Ate in the bar with two friends a couple weeks ago, and it was very good. We shared three tapas (stuffed piquillo peppers, baked goats cheese in fresh tomatoes and basil sauce, and beef carpaccio) and then split a large Classic paella. Everything was very good - in particular I'd highly recommend the peppers and goat cheese tapas. My one complaint was that there was no soccarat in the paella. It was still delicious, but missing the best part!
FYI - we are going back again tomorrow (Saturday) and this time bringing the wives with us. I'll post a report.
We went last night (Tuesday) it was very quiet. We sat at the bar and had a great bottle of Albarino, our bartender (Estelle I think) was very nice an answered our questions. We had the calamari ala plancha, anchovies, broccoli rabe and spanish sausage in red wine...all very good. The best though was the creme brule, we asked for it to be served warm and were happily indulged, it was the highlight of the evening. We highly recommend asking for it this way, although I'm not sure that the chef will be pleased about it! Delicious!
it's great. Food is really good and presented beautifully. Gracious and accomodating service to boot. Like others, I loved the stuffed piquillo peppers. Everything else we tried was great as well.
We finally made it to Taberna last night (Sat).
We intentionally arrived earlier than our 7:30 reservations so we could sit at the bar and have a drink first. We had a glass of Albarino and Verdeho which were both nice and served at an excellent temperature (ie: only lightly chilled and not ice cold). However, I had a feeling that my luck with red wine at dinner would not be as good as the red bottles were racked around the bar which was probably approaching 90 degrees on the night we went. Speaking of heat, their patio doors were open and I understand they probably don't want to run AC that just goes out the door, but tonight wasn’t the night to skimp: it was 88 degrees outside with 90% humidity. With a handful of tables just outside the open doors leading out of the bar, this would invariably make a real nice setting on a cooler night.
When we were ready to be seated we passed through the 1st section of the restaurant which was completely empty and proceeded to another room in the front of the building on Madison Ave. This room did have a few tables filled when we sat - - and a few more were filled after 8pm - - but it was relatively quiet for a Sat night which was a bit disappointing; I was expecting a bit more activity for prime time on Sat night.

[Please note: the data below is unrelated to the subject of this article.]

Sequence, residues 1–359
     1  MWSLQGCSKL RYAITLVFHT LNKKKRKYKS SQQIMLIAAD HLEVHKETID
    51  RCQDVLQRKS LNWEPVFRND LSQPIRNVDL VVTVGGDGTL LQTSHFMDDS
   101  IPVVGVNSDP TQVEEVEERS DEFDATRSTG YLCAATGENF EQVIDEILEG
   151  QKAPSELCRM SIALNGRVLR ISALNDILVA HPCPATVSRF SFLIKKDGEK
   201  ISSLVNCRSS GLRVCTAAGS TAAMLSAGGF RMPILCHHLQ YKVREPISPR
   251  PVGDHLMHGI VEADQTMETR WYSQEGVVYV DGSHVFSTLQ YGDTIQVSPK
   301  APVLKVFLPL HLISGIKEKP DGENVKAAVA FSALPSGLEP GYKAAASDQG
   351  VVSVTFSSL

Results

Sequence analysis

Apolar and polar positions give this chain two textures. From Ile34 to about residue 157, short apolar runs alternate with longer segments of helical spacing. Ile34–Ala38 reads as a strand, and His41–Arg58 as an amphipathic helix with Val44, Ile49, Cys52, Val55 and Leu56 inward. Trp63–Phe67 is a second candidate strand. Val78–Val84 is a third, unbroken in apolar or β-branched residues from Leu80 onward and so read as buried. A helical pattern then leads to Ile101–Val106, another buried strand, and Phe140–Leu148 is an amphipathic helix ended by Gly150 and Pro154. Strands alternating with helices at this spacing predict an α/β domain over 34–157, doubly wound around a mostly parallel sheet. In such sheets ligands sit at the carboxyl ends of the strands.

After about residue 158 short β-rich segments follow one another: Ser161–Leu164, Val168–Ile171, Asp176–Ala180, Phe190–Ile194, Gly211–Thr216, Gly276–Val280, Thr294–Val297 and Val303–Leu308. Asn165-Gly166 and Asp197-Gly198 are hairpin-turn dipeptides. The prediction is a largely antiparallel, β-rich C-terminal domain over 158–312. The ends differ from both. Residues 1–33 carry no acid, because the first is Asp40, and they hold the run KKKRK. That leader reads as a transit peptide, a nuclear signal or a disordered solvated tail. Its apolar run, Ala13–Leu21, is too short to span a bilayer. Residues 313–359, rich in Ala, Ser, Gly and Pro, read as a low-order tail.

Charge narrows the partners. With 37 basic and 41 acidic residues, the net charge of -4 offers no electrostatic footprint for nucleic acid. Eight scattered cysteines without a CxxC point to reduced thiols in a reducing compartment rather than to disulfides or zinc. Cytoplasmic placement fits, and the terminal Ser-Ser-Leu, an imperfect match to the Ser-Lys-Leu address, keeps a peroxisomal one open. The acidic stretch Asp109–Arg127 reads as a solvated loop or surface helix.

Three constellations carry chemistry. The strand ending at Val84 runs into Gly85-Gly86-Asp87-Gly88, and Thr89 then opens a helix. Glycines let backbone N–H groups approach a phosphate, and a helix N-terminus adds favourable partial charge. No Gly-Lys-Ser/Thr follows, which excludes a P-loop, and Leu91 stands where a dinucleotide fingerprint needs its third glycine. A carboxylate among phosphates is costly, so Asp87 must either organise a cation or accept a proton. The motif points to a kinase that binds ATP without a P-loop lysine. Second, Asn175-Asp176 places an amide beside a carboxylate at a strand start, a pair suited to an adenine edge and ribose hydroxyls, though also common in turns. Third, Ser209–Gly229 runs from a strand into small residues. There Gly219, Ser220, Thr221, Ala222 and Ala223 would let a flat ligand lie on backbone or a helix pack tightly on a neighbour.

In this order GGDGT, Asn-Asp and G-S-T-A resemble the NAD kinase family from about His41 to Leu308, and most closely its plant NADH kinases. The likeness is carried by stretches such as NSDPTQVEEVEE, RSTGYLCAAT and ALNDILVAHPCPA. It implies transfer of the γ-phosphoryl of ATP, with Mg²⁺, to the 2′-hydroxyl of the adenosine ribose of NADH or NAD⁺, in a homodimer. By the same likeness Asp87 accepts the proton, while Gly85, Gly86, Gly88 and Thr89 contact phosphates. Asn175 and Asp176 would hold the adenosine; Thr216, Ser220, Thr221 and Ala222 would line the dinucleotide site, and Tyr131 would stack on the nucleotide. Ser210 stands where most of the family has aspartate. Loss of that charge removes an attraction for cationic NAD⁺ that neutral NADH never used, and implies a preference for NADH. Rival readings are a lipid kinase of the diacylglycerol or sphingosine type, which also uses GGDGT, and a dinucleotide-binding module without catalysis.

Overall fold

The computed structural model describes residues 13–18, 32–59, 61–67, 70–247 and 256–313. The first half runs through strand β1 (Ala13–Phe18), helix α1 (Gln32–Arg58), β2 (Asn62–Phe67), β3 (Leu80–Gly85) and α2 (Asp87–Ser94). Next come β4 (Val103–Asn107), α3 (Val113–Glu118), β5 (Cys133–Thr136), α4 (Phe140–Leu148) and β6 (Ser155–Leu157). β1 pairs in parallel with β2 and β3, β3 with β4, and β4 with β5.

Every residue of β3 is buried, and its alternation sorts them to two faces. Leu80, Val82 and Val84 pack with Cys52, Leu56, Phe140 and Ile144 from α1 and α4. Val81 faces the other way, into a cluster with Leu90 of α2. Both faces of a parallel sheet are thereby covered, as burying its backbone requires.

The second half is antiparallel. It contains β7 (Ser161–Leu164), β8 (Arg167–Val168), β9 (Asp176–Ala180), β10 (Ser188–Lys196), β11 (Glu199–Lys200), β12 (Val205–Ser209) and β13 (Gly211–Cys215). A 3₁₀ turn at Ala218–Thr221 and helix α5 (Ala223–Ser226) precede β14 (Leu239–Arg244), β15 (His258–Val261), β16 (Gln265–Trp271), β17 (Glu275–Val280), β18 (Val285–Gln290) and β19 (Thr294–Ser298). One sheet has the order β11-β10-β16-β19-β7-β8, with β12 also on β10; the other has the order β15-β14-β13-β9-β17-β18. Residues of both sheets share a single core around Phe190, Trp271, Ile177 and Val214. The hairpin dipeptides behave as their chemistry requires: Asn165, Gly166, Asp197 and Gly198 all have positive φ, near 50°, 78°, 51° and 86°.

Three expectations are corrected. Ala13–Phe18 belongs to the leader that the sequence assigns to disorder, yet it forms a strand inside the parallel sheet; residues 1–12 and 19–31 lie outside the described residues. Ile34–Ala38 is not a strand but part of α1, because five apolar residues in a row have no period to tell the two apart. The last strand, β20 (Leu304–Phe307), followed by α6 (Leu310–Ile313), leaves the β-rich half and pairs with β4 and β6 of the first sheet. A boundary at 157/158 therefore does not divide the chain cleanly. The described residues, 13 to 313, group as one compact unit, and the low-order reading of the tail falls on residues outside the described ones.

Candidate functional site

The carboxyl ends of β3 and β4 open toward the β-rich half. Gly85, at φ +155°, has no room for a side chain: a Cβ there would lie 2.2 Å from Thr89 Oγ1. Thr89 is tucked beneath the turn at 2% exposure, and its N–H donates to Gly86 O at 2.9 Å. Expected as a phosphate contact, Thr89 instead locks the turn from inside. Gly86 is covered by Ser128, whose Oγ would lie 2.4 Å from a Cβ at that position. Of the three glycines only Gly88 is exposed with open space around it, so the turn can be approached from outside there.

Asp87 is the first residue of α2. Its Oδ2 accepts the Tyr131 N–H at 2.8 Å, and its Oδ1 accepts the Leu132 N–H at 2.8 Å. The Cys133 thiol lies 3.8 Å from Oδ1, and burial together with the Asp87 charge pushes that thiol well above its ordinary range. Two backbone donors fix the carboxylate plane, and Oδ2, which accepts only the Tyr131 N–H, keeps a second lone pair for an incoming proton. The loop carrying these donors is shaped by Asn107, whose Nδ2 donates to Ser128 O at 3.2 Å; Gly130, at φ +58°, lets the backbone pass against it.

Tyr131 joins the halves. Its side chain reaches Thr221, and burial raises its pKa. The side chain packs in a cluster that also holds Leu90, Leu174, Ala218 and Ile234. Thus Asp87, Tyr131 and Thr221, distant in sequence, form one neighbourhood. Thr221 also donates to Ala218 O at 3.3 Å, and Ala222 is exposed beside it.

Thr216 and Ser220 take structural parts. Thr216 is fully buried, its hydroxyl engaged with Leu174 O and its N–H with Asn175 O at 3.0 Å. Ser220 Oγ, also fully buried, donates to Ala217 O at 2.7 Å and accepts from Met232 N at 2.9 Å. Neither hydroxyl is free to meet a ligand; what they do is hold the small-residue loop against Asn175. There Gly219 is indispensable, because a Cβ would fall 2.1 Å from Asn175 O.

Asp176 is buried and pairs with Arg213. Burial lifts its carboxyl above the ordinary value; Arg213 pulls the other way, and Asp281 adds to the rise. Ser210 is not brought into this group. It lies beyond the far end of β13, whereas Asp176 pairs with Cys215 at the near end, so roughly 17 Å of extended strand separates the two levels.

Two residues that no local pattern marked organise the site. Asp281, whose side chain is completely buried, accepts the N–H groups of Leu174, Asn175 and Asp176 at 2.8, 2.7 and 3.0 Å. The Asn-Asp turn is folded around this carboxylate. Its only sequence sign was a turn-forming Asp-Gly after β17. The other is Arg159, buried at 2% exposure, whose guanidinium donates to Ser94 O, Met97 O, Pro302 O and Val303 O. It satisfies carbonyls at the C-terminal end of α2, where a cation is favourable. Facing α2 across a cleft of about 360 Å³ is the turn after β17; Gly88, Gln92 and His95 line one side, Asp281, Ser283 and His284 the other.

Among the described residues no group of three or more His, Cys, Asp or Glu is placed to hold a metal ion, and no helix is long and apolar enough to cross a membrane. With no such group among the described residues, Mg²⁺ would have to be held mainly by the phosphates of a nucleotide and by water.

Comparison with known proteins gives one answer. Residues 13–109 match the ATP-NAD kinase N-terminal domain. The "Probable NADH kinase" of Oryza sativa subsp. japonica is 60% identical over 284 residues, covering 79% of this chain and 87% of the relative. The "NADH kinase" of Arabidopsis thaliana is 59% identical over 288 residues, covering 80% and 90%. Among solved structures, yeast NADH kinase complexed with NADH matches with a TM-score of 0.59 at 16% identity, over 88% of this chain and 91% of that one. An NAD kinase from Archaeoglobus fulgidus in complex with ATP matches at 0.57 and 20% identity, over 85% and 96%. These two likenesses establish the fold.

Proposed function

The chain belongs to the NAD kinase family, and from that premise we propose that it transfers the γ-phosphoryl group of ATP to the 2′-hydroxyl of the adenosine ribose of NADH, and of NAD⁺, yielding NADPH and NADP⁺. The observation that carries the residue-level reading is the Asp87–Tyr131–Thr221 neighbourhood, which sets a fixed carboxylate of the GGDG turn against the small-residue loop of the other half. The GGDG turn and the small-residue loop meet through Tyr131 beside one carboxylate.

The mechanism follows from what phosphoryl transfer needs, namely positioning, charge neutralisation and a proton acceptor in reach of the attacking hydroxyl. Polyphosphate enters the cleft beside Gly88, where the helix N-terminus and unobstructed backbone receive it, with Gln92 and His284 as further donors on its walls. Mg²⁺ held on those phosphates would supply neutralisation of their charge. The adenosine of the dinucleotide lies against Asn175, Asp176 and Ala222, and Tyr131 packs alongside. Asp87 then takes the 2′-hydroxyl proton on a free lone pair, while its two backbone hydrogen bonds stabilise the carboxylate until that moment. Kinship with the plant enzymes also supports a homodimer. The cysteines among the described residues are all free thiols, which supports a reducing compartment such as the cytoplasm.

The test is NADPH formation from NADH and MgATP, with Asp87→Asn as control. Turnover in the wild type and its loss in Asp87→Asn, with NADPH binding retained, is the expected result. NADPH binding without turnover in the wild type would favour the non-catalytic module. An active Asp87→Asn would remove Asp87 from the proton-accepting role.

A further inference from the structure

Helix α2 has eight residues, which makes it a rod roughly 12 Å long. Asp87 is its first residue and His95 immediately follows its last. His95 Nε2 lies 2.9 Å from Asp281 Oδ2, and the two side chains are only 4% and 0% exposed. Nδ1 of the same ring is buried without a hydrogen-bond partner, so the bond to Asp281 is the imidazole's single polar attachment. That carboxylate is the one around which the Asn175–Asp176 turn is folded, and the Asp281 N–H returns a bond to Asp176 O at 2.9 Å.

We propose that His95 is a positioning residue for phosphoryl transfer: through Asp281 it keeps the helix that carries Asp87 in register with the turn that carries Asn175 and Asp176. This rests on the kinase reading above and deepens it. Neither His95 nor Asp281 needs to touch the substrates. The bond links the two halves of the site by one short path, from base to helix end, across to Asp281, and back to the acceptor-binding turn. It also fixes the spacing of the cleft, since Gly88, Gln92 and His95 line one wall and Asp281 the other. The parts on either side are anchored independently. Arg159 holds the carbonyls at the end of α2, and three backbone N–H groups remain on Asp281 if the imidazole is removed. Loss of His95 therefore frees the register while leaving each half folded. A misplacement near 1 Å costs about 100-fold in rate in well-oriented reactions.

Note: AC was running in this room but it was also too warm to be comfortable; I even heard other diners comment to themselves about the temperature.
For the food we started with baked goat cheese in a fresh tomato & basil sauce with Italian garlic bread and a Serrano ham and manchego cheese pizza. (I was really leaning towards the grilled calamari but had never had a pizza with Serrano and manchego so I wanted to give it a try.) We followed this with the seafood paella and ricotta gnocchi with black angus “bolognesse”.
The goat cheese dish was fairly simple and just slightly baked so the cheese still retained some form. The sauce and herbs were also very fresh. The garlic bread also had some sort of pesto brushed on; I like each component on it’s own but thought the garlic bread was a little overpowering when matched with the goat cheese.
The pizza was not what I was expecting. It was a traditional thin crust tomato and mozzarella pizza that had thin slices of uncooked Serrano and manchego layered on top. In the end I liked the pizza - - - but I would have preferred if this was a lightly dressed oil/white sauce pie that showcased the Serrano and manchego even more.
My paella dish could have been a big success had it not been way over-salted. The rice and seafood were cooked well, but the salt dominated and detracted from the dish.
I put bolognesse in quotes before because the dish was really a red sauce with small pieces of beef throughout. The beef was very tender and flavorful and the dish was sauced nicely (ie: lightly). The ricotta gnocchi were clearly homemade and cut large enough to withstand the weight of the steak sauce.
For the wine, the list was very large and well thought out with many regional Spanish wines. It was nice to see a list that focused towards the style of food being served rather than just loading up with the usual suspects.
I ending up ordered the 2003 Guelbenzu "Vierlas", a Spanish wine blended with Syrah, Merlot, Tempranillo, Cabernet Sauvignon, Garnacha y Graciono. There were 2 major downsides for the wine. First, it was so warm when served that I had to ask for an ice bucket; fortunately they quickly produced one and we were able to enjoy the wine after a 10 min dunk in the ice to bring it down to an appropriate temperature. Second, was the price. I spotted many wines that were 3x and even 4x retail. The wine I choose was $40 on the menu. A quick online search when I got home revealed the RETAIL price to be $11.99. Unfortunately I’ve grown accustomed to $12 bottles being $25 - $30 in Fairfield County, but pricing that exceeds 3x retail is just wrong. (Fortunately the food prices were not out of line like the wine.)
Overall I’d probably give the restaurant a solid B for food and there are things I would like to come back and try. For the wine I’d give it an A for range and selection of the contents, but an F for pricing and red wine temperature.